Really, he could have taken another three feet forward to land just the tip of the liftgate on the curb, and then they could have done a straight roll-on -- like we've usually done at the Windsor storage out of necessity.


Tour 2

  A couple of weeks later, a group of us took a semi-official tech tour of the major production spaces.  Several people took pictures; my collection here is fairly small but there are more in Paul's set including when he toured the hotel's cable-TV headend upstairs and confirmed ballroom connectivity to still be intact. 

Camlok output on ballroom balcony pillars Two out of the four pillars down each side of the ballroom balcony have sets of cam outputs, 200A apiece. 

Misc electrics downstage left My circuit numbers are still visible
There's another older set of camloks at downstage left, probably only 100A, along with a subpanel and a handful of Edison circuits that it feeds.  The really amusing thing was discovering that the circuit numbers *I* had written on the boxes in purple Sharpie a dozen years ago are still here.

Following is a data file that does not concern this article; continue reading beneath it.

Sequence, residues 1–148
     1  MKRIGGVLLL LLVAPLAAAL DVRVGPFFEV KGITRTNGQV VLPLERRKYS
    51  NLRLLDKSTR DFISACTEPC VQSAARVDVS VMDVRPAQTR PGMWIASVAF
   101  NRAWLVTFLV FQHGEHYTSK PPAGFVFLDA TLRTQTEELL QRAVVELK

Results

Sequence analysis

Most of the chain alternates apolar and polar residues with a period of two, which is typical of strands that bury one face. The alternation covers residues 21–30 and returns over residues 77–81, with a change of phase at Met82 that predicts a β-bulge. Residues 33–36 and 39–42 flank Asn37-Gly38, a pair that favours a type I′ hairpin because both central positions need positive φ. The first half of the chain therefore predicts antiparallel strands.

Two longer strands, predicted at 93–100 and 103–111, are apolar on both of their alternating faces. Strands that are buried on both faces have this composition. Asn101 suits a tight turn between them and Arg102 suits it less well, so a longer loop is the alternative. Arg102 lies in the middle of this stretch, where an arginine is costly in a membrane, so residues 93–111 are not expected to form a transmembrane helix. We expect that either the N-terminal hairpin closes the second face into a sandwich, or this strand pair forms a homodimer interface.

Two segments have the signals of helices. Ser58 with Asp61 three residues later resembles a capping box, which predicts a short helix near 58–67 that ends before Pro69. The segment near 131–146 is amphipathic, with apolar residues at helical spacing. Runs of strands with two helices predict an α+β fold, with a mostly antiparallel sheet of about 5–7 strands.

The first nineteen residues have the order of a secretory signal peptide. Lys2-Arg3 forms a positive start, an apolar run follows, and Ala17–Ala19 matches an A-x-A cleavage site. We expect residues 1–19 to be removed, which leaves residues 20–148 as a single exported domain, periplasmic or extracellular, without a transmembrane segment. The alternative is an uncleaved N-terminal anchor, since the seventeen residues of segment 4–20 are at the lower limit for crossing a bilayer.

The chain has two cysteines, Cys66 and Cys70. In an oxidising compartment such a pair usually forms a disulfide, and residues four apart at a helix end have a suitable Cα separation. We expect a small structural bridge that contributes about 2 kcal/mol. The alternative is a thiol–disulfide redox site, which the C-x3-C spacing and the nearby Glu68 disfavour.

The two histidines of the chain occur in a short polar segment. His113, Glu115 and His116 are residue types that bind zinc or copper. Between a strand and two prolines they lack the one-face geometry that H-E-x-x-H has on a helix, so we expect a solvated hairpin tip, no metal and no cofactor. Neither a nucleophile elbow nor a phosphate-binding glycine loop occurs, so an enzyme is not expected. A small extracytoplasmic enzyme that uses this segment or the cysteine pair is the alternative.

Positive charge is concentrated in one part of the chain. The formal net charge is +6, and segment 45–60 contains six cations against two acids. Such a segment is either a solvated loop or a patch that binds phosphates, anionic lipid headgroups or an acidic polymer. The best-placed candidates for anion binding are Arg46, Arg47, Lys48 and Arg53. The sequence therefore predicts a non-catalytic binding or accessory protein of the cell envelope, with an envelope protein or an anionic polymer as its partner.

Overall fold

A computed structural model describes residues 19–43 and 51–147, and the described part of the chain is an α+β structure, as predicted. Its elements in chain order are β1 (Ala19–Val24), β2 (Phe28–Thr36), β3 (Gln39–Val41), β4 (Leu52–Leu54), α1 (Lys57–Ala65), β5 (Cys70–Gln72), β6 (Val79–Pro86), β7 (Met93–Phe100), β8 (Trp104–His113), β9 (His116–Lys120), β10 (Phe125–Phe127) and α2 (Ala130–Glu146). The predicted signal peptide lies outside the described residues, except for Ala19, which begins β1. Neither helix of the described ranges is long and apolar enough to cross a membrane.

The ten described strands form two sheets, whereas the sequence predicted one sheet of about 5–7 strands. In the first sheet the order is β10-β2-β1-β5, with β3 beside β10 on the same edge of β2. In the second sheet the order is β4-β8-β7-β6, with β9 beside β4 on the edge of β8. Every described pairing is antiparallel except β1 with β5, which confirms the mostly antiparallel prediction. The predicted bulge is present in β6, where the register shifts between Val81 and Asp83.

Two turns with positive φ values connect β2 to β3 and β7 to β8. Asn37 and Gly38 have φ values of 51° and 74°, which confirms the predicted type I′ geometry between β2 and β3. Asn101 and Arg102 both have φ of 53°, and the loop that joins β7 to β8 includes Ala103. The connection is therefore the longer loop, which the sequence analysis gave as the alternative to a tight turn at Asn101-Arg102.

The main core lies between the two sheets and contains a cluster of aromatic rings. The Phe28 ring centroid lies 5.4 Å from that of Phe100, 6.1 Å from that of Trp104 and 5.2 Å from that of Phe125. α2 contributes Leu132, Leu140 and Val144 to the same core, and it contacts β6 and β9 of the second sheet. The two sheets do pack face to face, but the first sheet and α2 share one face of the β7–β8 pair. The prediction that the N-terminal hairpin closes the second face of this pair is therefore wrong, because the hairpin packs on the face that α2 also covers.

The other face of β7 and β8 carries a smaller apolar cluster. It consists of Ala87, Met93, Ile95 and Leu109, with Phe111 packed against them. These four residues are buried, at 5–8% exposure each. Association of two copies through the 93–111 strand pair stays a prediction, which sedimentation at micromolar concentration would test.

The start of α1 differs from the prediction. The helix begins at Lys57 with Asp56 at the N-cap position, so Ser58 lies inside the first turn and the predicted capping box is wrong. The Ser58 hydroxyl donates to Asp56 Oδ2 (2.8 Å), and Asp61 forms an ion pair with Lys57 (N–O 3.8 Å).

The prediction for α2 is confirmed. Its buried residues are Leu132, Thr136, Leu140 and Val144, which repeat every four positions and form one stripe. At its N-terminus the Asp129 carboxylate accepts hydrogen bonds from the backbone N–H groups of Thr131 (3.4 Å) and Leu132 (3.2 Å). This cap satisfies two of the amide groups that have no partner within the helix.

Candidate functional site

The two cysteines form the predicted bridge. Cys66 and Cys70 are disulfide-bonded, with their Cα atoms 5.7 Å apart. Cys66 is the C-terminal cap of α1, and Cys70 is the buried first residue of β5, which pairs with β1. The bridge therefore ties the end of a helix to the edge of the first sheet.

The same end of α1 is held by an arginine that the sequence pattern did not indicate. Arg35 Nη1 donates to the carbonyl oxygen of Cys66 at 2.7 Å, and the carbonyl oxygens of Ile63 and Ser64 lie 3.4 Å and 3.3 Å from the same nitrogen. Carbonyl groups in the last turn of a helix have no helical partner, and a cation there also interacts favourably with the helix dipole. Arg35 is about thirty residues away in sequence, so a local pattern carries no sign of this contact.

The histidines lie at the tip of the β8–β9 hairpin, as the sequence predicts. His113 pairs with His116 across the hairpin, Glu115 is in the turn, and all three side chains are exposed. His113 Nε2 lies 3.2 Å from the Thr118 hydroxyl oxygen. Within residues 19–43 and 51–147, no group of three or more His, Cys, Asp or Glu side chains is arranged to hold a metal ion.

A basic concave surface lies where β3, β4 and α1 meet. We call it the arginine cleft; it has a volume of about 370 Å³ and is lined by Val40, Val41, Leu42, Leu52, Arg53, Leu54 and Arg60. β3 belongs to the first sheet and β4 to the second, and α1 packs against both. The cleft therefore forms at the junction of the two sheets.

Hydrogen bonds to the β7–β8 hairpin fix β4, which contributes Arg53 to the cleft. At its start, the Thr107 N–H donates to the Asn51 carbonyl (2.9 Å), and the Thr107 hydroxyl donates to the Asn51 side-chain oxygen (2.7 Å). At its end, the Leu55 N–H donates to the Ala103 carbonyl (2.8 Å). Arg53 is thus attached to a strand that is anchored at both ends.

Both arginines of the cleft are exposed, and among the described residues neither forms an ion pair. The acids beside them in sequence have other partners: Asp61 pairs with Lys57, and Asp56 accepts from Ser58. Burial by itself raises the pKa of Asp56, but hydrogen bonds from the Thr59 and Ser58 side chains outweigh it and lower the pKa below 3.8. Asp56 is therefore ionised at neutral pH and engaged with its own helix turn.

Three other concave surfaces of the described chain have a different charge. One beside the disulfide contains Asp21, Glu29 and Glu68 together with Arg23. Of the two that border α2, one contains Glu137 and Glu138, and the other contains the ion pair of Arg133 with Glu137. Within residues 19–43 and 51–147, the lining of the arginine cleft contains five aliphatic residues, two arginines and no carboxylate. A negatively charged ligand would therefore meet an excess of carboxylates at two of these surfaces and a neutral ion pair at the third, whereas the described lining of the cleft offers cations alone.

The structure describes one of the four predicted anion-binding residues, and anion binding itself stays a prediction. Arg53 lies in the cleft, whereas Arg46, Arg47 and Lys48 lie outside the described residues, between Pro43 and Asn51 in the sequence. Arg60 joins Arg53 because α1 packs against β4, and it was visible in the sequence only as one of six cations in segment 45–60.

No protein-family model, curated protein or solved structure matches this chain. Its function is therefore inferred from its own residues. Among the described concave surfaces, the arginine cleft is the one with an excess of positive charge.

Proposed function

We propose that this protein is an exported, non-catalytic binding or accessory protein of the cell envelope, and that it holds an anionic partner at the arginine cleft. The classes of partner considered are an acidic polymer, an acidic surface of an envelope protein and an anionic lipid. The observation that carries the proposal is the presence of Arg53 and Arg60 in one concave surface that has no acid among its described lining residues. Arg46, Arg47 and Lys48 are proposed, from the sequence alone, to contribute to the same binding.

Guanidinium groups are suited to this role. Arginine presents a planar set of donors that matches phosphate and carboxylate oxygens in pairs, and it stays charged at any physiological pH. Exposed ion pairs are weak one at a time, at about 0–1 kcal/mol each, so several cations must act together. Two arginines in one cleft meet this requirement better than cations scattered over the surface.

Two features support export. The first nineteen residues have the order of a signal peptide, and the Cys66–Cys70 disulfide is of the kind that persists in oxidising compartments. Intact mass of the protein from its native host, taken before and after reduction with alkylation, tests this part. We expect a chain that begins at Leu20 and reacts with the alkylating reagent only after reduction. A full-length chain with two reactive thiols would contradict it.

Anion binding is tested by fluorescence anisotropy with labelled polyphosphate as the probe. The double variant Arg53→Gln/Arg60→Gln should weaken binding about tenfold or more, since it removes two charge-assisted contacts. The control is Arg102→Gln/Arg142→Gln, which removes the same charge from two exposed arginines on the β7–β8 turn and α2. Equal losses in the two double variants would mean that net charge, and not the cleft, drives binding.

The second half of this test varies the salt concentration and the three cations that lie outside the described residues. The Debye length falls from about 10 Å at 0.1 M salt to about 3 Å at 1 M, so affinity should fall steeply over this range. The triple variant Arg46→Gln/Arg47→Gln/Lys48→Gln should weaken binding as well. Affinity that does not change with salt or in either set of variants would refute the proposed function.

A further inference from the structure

Scary plugs and wiring feeding strip-lights The old incandescent strip-lights are fed three circuits apiece, via some *really* scary-looking old plugs into high-mounted wall sockets.  They probably haven't moved in fifty years.

House lighting control prests screen The new house lighting control appears to be an ETC architectural type of system, and retains the original names of the rooms even though they're now referred to as "Grand" A and B.  The LED pillar-wash units have been added to this system as well.  The fake-3D treatment of the touch areas makes them harder to read.  Early rumors are that a remote control of some sort is available, but still tethered on a wire.  Sort of odd considering that the little dark windows underneath are for an infrared interface of some sort.

Guess I could take down that old text file about the previous system now, couldn't I?  But it's kinda fun to keep around as an example of bad design.

Risers stored under stage Risers for the rooms are conveniently stored under the stage itself.  Note the mousetraps, too...

Camloks in Avenue 34 / Loft space We also took a brief run around the new "Avenue 34" space that replaced a restaurant, one level down from the main ballrooms.  It also sports at least one set of cams and several of the 30A twistlock sockets.

The hotel's rhetoric about this space is amusing -- "uniquely sophisticated expression of the urban experience with a loft-like vibe" ... okay, sure, whatever.  Hopefully we'd be able to match it efficiently to Arisia's needs.

_H*   181119, 181201